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Functional synthetic enzyme could be catalyst for artificial life

Date: 24.1.2018 

Not content with editing the genes of living organisms or creating ever-smarter AI, scientists may eventually be able to biologically engineer unique artificial lifeforms from scratch. A new study from Princeton has brought that future a step closer, by confirming that an artificial protein the team developed functions as an enzyme in living bacteria. 
Kredit: Ann Donnelly/Hecht Lab/Princeton University.

Over the years, the Princeton team has created artificial proteins for E. coli, a simple bacteria species that's commonly used as a testbed for these kinds of experiments. To test their creations, the researchers removed certain genes that resulted in the bacteria being unable to produce the enzyme Fes, which cells use to obtain iron. Without that vital mineral, the bacteria wouldn't be able to survive, but the team then plugged in proteins that could replace the missing function, "rescuing" or resuscitating the bacteria.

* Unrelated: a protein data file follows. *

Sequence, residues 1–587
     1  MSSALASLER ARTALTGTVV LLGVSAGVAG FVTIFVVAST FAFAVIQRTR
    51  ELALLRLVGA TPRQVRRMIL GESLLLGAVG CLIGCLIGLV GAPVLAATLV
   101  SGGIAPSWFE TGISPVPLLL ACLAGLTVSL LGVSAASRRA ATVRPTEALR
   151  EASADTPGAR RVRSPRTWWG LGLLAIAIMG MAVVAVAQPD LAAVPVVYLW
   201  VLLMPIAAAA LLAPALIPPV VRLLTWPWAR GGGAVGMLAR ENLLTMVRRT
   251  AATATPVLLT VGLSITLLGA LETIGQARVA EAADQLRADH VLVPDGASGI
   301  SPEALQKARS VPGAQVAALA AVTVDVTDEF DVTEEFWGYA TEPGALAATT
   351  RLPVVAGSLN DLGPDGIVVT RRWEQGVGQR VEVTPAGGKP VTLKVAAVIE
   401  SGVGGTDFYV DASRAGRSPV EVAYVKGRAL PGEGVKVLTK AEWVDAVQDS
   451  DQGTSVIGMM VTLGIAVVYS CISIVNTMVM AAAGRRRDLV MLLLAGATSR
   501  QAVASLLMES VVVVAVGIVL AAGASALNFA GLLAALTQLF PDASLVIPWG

In the new study, the researchers have identified just how their new proteins work. They discovered that two of them keep the E. coli alive by compensating for the missing enzymes, boosting the production of other processes in the cell. But another of the proteins solved the problem more directly.

"This artificial protein, Syn-F4, was actually an enzyme," says Ann Donnelly, lead author of the study. "That was an incredible and unbelievable moment for me – unbelievable to the point that I didn't want to say anything until I had repeated it several times." Donnelly noticed that the cells were suddenly able to obtain iron, suggesting that Syn-F4 was an enzyme.



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